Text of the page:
“The Alexander String Quartet combines the spark of youth with a singleness of purpose usually reserved for more seasoned ensembles,” reports The Washington Post in a concert review. “The musicians’ controlled exuberance was unflagging and consequently produced superlative accounts of Beethoven, Barktók and Mendelssohn.”

The ensemble’s annual calendar of concerts continues to include engagements at major halls throughout North America and Europe. The quartet has appeared at Lincoln Center, the 92nd Street Y, and the Metropolitan Museum in New York City; Jordan Hall in Boston; the Library of Congress and Dumbarton Oaks in Washington, D.C.; and major chamber music societies and universities across the North American continent. Recent overseas tours have brought the group to the United Kingdom, the Czech Republic, the Netherlands, Italy, Germany, Spain, Portugal, Switzerland, France, Greece, the Republic of Georgia, and the Philippines.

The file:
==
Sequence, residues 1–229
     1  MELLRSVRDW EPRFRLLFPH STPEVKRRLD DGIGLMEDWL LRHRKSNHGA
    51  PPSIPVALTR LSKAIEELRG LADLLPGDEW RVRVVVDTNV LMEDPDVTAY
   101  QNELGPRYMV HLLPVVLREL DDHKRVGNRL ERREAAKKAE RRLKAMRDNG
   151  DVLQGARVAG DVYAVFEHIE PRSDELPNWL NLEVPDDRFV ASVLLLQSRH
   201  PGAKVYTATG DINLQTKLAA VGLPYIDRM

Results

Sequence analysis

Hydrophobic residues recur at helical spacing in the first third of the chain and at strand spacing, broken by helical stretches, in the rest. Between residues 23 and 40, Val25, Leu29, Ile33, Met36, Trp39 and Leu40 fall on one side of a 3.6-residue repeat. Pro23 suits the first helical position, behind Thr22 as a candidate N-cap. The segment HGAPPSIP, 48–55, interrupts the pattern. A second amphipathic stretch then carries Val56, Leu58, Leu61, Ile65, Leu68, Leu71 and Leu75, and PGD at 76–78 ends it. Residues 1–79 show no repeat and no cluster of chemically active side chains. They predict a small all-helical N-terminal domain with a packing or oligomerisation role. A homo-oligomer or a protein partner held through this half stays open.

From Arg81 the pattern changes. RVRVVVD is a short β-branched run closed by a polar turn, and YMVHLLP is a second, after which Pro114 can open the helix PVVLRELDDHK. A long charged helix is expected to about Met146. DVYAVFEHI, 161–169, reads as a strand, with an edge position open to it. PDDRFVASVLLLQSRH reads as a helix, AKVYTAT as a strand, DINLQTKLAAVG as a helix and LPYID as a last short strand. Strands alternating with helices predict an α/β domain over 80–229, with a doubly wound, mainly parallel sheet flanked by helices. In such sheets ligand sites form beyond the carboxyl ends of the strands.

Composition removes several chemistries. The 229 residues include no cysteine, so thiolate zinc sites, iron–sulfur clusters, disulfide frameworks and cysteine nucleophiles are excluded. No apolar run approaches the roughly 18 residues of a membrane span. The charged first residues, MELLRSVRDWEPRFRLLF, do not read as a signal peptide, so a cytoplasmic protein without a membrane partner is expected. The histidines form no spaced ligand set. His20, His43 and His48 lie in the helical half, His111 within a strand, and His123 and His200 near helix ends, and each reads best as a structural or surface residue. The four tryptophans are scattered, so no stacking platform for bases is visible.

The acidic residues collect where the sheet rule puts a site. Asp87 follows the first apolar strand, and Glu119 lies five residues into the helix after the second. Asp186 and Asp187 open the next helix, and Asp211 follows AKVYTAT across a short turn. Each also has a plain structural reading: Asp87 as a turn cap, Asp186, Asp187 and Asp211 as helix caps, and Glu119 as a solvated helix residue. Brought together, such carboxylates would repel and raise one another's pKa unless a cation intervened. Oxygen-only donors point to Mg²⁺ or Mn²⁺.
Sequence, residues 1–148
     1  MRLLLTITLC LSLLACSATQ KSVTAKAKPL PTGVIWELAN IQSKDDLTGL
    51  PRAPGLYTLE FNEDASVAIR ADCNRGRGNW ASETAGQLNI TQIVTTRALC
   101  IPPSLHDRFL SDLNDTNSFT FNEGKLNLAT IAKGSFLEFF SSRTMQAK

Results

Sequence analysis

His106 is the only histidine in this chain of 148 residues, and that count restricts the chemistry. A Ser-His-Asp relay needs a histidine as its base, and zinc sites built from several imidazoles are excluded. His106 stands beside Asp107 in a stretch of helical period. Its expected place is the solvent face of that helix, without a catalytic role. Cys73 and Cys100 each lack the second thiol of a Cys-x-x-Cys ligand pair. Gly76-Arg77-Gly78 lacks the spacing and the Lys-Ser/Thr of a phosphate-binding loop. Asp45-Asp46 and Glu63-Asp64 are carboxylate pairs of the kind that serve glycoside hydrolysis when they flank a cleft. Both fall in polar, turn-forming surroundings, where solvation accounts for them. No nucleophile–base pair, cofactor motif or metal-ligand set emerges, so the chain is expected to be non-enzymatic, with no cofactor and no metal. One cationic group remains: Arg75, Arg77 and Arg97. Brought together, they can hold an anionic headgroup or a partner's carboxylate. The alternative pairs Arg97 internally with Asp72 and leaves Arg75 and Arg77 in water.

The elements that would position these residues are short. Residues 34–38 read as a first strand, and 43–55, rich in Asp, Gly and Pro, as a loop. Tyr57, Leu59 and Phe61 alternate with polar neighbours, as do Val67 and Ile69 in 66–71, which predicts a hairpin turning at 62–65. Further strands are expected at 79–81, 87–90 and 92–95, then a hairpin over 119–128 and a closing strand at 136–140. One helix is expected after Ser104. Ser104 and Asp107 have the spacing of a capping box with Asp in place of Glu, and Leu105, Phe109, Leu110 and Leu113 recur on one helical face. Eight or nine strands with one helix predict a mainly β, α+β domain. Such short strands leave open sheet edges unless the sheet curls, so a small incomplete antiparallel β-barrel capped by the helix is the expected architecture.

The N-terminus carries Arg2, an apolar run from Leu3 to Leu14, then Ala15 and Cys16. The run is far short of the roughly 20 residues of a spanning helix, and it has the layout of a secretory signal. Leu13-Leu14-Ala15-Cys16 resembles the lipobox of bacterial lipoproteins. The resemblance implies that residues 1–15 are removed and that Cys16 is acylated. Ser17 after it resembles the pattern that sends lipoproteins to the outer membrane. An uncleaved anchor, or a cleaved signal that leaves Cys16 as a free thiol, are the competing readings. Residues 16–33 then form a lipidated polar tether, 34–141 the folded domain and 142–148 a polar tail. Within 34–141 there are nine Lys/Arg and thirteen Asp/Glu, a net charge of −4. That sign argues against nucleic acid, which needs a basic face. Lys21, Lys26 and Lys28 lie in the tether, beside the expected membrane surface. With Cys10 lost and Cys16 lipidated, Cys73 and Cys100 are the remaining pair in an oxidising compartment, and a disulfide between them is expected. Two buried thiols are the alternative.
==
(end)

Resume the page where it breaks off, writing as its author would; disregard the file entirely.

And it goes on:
Among the many distinguished artists to collaborate with the Alexander String Quartet are pianists Menahem Pressler, Gary Graffman, Jeremy Menuhin, James Tocco, and Roger Woodward; guitarist Manuel Barrueco; clarinetists Eli Eban, Charles Neidich, Joan Enric Lluna, and Richard Stolzman; cellist Sadao Harada; and soprano Elly Ameling.

Along with the continuation of various Beethoven and Shostakovich cycles and annual residencies at Baruch College in New York, Allegheny College in Meadville, Pa., and St. Lawrence University in Canton, N.Y., the 2004-2005 season included a four-concert series of Brahms’ chamber music for San Francisco Performances and collaborations with such distinguished artists as pianist Jeremy Menuhin and clarinetist Eli Eban. In June 2004, Alexander String Quartet collaborated with the David Sánchez Quartet in a presentation by SFJazz of an extremely rare performance of “Focus,” an Eddie Sauter composition written for Stan Getz. A recording of the complete set of Mozart “Haydn” Quartets on three CDs was released by FoghornClassics in March 2004; the set is also bundled with a set of lectures by Robert Greenberg for The Teaching Company.